‘Constitutional crisis’ or political stunt? House Democrats hold AG Barr in contempt

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House Judiciary Committee Democrats have voted to hold Attorney William Barr in contempt of Congress for defying their demands for the unredacted Mueller report and underlying evidence.
Following the 22-12 vote along party lines, committee chair Jerry Nadler (D-New York) told reporters the US is now in a “constitutional crisis.”

The vote came after the White House asserted executive privilege over the report’s contents, calling Nadler’s demand for the unredacted report a “blatant abuse of power.” A version of the report with most of the redactions removed has been made available at a secure facility, but so far no Democrats have bothered to look at it.

It is deeply disappointing that elected representatives of the American people have chosen to engage in such inappropriate political theatrics,” DOJ spokeswoman Kerri Kupec said in a statement, adding that no one force the Department of Justice to break the law by handing over documents that cannot be disclosed.

This is only the second occasion a congressional committee has held a sitting attorney general in contempt. The first such instance was in 2012, when Barack Obama’s AG Eric Holder was held in contempt by the Republican-majority House over his refusal to provide documents related to the “Fast and furious” gun smuggling scandal.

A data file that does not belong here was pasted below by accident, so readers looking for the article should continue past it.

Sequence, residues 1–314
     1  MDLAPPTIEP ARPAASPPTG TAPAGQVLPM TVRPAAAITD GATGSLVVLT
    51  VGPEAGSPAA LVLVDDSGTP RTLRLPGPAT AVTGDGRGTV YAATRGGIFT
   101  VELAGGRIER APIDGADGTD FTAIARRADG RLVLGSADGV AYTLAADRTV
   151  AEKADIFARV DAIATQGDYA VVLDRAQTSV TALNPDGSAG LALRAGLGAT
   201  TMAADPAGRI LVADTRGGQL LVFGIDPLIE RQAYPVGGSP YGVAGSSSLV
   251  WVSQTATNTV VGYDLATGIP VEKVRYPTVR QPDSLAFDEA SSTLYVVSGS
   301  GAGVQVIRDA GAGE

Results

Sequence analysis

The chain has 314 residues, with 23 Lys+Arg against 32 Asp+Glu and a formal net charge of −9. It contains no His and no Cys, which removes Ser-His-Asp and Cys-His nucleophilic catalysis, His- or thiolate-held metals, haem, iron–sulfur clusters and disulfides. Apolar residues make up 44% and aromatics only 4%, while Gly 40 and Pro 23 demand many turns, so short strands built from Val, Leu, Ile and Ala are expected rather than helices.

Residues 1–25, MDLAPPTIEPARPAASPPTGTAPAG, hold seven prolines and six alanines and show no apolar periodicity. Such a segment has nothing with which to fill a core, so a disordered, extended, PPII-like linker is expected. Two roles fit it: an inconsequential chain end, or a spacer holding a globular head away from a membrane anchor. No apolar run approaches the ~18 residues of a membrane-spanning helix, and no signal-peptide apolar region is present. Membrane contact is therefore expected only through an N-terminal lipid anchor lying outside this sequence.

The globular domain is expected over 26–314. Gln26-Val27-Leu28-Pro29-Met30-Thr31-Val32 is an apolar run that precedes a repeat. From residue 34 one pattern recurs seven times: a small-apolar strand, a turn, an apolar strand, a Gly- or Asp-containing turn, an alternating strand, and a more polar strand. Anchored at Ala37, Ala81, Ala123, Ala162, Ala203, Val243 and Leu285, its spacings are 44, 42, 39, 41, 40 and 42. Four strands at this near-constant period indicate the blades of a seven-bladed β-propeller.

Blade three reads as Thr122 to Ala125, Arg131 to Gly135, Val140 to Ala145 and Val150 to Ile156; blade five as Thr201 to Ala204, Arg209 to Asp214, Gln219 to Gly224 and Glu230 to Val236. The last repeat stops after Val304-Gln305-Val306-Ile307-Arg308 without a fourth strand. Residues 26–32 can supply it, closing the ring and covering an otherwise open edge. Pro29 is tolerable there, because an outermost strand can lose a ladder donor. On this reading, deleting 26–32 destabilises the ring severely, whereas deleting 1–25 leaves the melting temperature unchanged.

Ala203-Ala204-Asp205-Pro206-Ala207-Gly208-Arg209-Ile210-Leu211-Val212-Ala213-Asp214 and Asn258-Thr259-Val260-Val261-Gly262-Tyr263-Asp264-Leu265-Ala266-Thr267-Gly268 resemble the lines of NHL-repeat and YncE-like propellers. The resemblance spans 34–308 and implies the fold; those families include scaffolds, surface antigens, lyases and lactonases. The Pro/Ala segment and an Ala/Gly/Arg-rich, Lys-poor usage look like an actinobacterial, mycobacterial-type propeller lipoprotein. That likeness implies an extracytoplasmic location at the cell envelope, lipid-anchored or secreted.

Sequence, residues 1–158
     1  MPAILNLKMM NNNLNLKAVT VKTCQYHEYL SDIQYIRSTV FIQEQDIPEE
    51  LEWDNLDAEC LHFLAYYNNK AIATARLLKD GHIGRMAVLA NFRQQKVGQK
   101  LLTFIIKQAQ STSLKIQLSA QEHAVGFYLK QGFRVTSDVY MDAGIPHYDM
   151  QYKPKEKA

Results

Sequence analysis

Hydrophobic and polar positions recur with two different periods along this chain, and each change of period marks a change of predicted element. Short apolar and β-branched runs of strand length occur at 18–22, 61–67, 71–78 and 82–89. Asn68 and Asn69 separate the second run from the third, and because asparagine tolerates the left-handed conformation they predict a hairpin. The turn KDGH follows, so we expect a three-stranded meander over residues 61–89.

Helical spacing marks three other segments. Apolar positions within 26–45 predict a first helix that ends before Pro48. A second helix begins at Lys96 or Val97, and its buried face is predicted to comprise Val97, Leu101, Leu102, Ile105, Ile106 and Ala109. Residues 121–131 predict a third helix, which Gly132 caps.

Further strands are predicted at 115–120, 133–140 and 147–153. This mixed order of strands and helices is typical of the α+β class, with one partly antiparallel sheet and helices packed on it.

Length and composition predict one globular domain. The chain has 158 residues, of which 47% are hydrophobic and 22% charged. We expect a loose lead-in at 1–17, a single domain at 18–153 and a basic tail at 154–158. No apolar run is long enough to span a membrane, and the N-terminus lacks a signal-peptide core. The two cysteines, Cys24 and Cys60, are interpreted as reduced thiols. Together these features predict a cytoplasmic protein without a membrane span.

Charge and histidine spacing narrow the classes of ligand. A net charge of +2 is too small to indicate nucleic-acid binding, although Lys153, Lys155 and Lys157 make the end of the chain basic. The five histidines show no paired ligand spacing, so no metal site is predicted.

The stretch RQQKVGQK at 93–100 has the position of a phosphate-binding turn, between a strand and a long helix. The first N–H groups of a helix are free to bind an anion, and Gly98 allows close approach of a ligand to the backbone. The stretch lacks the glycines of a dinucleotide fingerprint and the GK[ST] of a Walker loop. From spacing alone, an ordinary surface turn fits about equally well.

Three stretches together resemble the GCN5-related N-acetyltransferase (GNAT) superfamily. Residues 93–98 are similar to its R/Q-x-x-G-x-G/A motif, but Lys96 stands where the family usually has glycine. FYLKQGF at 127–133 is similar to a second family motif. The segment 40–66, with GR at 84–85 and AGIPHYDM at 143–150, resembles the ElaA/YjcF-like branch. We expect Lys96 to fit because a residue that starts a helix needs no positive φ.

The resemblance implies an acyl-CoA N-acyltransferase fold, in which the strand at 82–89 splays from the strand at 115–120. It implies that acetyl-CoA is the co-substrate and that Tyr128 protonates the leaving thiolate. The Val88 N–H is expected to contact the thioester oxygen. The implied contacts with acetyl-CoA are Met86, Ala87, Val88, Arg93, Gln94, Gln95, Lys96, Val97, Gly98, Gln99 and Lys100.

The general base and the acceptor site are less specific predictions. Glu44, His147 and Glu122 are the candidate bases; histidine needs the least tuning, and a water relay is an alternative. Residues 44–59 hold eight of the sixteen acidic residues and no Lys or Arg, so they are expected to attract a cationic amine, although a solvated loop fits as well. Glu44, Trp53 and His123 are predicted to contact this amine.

At the time, Nadler called it a “shameful, politically-motivated” vote and walked out of the proceedings.

Mueller was appointed special counsel in May 2017 by deputy Attorney General Rod Rosenstein, after Democrats accused Trump of obstructing the ‘Russian collusion’ investigation by sacking FBI Director James Comey. After nearly two years of investigating, he submitted a 448-page report to the DOJ in March.

Barr, who became AG in February, published the full report – with less than 10 percent redacted to protect sources, methods, grand jury information and ongoing investigations – to the public on April 18.

In his refusal to hand over the documents demanded by the committee, Barr cited the opinion of AG Janet Reno from 1996, during the Clinton administration. Back then, Nadler vocally opposed the release of the full report by special counsel Ken Starr into President Bill Clinton.

Democrats have gone so far as to demand Barr’s resignation over his handling of the Mueller report, though certain conservative commentators have suggested that the outrage aimed at the AG has more to do with his ongoing investigation into the Obama administration’s surveillance of the Trump campaign during and after the 2016 presidential election.

Rt.com

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